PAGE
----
There’s a way to deal with the challenges that come with ETL. By implementing ELT, an organisation is able to extract and load its raw data into a warehouse and then transform that data into the required outcome or result. This gives the organisation visibility on its raw data, thus making it easier to change or create new transformations. While this approach is an improvement on ELT, it too lacks flexibility when it comes to transformations that need to be altered. Additionally, there is no real-time visibility of those transformations when dealing with the question of ‘How was this calculated?’, and no true lineage to the source systems.
Furthermore, implementing this method calls for the expertise and understanding of how to connect to a database, data warehouse or data lake. It requires the skill of analysts who can write SQL, Python, Scala etc.
A new way of integrating data is to ‘bring it home’ by simply extracting and transforming it. The removal of the requirement to load data before it can be consumed makes this method ideal. It reduces complexity and places analysts and consumers at the forefront of their data warehouse. This allows them to connect to live data and configure transformations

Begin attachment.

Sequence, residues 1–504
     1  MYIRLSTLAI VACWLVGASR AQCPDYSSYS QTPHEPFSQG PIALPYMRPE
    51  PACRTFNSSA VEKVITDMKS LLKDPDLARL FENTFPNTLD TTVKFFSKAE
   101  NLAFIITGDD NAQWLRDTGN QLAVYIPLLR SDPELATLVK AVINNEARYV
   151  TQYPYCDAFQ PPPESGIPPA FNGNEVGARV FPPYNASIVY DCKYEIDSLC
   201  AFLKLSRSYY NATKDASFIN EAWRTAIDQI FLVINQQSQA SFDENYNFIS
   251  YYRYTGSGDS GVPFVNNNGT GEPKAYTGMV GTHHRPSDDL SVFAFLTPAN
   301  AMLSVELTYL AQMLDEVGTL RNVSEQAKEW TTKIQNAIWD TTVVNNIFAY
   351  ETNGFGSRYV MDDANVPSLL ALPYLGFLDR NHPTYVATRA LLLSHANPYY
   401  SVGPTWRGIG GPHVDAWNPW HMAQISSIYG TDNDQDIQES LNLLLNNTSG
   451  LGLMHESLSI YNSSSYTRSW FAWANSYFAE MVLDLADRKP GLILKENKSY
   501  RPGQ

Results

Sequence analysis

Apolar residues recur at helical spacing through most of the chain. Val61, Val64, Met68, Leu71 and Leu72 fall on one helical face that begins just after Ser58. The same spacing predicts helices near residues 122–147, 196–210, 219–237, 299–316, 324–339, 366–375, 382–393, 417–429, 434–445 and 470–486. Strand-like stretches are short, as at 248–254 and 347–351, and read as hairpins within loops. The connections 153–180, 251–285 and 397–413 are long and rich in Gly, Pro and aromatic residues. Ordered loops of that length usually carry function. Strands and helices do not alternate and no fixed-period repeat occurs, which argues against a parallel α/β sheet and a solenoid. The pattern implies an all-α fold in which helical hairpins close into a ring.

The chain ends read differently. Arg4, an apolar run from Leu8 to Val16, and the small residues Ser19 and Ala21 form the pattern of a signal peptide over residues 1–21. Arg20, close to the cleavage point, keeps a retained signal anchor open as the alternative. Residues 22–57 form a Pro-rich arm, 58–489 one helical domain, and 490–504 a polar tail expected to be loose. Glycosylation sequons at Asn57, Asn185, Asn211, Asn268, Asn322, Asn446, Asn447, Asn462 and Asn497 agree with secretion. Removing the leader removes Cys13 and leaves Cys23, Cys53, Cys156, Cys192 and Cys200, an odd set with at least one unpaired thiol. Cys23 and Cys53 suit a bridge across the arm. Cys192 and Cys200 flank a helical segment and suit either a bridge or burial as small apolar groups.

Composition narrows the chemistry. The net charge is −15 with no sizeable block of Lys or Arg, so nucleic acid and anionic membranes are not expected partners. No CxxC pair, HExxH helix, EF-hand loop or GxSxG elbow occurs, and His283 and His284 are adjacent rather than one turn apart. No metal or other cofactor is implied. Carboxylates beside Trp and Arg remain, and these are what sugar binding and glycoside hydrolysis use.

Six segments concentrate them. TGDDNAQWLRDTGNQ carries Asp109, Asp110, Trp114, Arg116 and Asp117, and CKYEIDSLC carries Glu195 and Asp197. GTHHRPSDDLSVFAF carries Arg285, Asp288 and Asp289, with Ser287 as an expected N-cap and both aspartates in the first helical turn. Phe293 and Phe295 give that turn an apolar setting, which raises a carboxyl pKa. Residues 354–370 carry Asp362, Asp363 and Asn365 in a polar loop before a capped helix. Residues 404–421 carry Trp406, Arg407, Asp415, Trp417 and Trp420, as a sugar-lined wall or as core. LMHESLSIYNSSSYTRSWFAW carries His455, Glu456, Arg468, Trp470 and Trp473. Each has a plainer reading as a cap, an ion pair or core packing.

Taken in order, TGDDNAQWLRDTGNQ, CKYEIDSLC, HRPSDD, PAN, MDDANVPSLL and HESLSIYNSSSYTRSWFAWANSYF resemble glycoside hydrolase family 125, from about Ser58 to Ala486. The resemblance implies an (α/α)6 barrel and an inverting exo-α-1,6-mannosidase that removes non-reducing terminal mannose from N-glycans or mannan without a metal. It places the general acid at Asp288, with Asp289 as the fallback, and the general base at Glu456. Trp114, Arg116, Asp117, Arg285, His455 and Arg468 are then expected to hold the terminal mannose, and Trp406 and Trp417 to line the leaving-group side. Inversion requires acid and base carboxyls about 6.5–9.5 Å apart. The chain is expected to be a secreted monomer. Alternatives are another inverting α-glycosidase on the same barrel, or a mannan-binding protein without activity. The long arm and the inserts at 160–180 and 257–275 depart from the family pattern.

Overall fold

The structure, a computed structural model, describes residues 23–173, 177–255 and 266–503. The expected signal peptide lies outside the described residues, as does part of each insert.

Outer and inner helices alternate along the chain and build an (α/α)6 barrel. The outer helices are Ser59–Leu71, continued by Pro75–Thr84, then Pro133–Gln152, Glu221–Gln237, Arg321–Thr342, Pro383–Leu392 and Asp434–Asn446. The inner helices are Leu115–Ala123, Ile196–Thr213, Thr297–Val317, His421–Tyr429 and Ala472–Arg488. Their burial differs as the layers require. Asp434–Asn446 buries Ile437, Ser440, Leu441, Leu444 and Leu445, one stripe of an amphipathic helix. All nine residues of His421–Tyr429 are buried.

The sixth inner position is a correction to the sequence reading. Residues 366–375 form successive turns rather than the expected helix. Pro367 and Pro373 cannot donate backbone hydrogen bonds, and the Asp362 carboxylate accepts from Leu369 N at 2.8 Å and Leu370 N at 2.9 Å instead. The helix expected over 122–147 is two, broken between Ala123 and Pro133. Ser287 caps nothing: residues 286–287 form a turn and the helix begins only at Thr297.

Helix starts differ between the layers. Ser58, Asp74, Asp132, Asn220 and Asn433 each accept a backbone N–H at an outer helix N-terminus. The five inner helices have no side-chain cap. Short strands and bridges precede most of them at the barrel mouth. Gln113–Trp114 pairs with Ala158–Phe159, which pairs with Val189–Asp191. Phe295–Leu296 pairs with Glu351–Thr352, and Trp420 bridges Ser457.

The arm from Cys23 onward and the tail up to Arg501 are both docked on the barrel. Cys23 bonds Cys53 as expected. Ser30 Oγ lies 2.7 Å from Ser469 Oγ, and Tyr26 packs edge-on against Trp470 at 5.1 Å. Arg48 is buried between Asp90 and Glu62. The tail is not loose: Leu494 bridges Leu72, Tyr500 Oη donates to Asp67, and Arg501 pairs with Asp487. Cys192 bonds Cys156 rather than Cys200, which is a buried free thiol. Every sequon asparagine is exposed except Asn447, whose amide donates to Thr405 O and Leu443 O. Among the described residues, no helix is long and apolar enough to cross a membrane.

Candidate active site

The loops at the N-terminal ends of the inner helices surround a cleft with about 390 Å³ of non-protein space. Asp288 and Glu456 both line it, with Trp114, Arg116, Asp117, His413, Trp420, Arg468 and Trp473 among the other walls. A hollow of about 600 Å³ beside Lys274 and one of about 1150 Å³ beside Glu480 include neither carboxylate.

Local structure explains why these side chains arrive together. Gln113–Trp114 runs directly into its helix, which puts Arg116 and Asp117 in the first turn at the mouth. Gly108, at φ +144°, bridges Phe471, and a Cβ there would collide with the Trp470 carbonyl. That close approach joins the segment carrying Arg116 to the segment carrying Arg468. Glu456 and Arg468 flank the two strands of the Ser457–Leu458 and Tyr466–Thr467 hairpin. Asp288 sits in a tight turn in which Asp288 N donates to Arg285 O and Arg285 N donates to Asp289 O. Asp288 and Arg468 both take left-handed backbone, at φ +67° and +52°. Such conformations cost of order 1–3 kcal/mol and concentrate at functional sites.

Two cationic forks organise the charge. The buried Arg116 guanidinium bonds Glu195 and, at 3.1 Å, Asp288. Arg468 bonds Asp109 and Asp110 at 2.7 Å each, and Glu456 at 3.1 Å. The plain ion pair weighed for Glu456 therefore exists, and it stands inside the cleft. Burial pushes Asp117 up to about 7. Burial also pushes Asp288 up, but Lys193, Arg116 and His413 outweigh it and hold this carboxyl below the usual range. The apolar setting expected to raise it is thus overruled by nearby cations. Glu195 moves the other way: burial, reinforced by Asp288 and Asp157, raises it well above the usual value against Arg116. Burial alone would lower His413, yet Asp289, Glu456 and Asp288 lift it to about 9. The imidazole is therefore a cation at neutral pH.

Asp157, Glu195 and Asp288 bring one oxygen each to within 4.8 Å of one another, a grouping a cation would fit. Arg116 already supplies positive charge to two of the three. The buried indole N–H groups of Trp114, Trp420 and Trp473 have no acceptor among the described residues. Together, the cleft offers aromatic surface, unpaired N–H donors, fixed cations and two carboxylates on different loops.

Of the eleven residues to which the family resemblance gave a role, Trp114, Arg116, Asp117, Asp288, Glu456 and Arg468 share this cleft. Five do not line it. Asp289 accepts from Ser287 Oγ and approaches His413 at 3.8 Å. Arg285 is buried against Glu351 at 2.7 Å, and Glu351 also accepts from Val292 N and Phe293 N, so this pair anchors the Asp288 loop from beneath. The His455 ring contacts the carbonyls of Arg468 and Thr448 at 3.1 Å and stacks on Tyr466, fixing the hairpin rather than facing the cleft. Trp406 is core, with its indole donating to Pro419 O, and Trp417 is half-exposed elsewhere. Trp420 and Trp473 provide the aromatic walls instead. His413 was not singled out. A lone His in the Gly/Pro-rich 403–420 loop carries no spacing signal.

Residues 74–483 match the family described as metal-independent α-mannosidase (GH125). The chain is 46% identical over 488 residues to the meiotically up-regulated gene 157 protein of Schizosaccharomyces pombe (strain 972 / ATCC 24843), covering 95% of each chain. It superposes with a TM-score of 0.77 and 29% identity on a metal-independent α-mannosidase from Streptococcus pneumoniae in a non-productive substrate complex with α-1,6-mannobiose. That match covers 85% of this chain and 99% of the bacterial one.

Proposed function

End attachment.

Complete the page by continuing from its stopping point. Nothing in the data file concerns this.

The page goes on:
that can then be saved as metadata. The ET approach makes data considerably easier to manipulate and assures real-time visibility.
Fraxses empowers organisations to move away from traditional approaches, and systematically integrate their data with real-time visibility and minimal effort. The platform democratises data, allowing for anyone in an organisation to engage with it and deliver new transformations.